Talking Extreme Poverty at Davos

Margaret Batty | Posted 22.03.2015 | UK
Margaret Batty

There are still 748 million people on Earth without access to clean water, many of whom have to walk for hours each day to fetch water that puts their health at risk.

Gates drinks water made from faeces. So do you.

Rémi Kaupp | Posted 16.03.2015 | UK Tech
Rémi Kaupp

You may not know it, but there is a good chance that you, too, have already been drinking water that has been - at least partially - recycled from wastewater.

The Urban Sanitation Business

Girish Menon | Posted 28.02.2015 | UK
Girish Menon

With almost half the population of Sub-Saharan Africa living in towns and cities, urban sanitation poses a serious challenge. This is especially the case for unplanned or informal settlements where the majority of the poorest people live...

Focusing on Water - The World's Most Valuable Resource

Barbara Frost | Posted 11.01.2015 | UK
Barbara Frost

The world is facing a water and sanitation crisis, with 2.5 billion people on our planet lacking access to a basic toilet. The global health and economic costs are huge. However, the crisis can be addressed, and there is an important and growing role for private enterprise.

Will India's New Prime Minister Free the Country From Open Defecation?

Andres Hueso | Posted 04.11.2014 | UK
Andres Hueso

The new Indian Prime Minister, Narendra Modi, has recently announced a new campaign to eliminate open defecation - the practice of people relieving themselves in the open - by 150th anniversary of Gandhi's birth in 2019...

Minimal Cost for Maximum Benefit: Why Toilets Need to Be Usable by All

Jane Wilbur | Posted 04.11.2014 | UK
Jane Wilbur

Giving someone a way to keep themselves clean and easy access to drinking water and a basic toilet opens the door to better health, the ability to better participate in a community and the basic dignity that every human being is entitled to.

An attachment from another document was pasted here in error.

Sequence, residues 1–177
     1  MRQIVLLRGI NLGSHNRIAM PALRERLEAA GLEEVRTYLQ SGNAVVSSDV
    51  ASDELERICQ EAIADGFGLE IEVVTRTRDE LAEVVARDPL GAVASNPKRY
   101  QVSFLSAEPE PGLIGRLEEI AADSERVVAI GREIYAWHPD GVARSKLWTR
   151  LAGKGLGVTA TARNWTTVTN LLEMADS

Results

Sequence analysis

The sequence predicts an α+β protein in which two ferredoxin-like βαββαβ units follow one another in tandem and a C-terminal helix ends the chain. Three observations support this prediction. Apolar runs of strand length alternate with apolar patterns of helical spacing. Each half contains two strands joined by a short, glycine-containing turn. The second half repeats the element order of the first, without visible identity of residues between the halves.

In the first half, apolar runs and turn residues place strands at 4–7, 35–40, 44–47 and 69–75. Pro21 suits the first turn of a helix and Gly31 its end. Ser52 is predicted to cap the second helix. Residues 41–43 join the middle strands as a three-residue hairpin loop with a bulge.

Toilets Can't End the Violence - But Are Part of the Solution

Barbara Frost | Posted 07.09.2014 | UK
Barbara Frost

The story of two teenage girls raped and murdered in India this spring while looking for a discreet place to relieve themselves outdoors made headlines around the world. Sadly, their situation is far from unique. Half a billion women and girls - 15% of females worldwide - are forced to do this every day simply because they do not have access to a toilet. This crisis risks women's health, and threatens their safety. The new Indian government was moved to act following the tragedy of the two Dalit girls in Uttar Pradesh, pledging zero tolerance for acts of violence against women. Their statement is welcome. However, protecting women from harassment and attack will not happen overnight.

The Girls On the Bus: The Road Ahead

Emily Graham | Posted 02.09.2014 | UK
Emily Graham

"When I have a family it will be totally different. I hope we will be able even to wash and do our laundry here at home. And when we will have the water point up here, that old water point can be used for the rice field, it would be good for tomato and onion growing, so there would be more food."

The Girls on the Bus: Ze's Story

Emily Graham | Posted 27.08.2014 | UK
Emily Graham

This month, you might see two young girls pictured on the side of London's buses, each hauling a jerry can of water that is more than half their weight. Some 748 million people around the world do not have access to safe water. That is one person in 10. It is nearly always up to girls and women to hike treacherous, winding paths to fetch water for their families, and carry that heavy burden home again.

The Girls on the Bus: Solo's Story

Emily Graham | Posted 19.08.2014 | UK Lifestyle
Emily Graham

I collect water, and then I prepare our breakfast. It's hard collecting water before having breakfast but we need to have water for cooking. We have rice around 7am. We go early in the morning as our parents have to do other things, they are in a hurry to go to the field or do other work.

Meet Solo and Ze, the Girls on the Side of the Bus

Emily Graham | Posted 12.08.2014 | UK
Emily Graham

Some 748million people around the world do not have access to safe water. That is one person in 10. Around the world, it is nearly always up to girls and women to hike treacherous paths to fetch water and carry that heavy burden home to their families.

Cocaine in Your Water? It Could Be Much Worse

Fleur Anderson | Posted 28.07.2014 | UK
Fleur Anderson

Traces of cocaine in our tap water, screamed recent newspaper headlines in the UK. It's alarming, despite reassurances that these are miniscule amounts that pose no risk. But imagine the headlines were about deadly pathogens like E. coli or cholera, and that even these miniscule amounts could harm adults and kill children.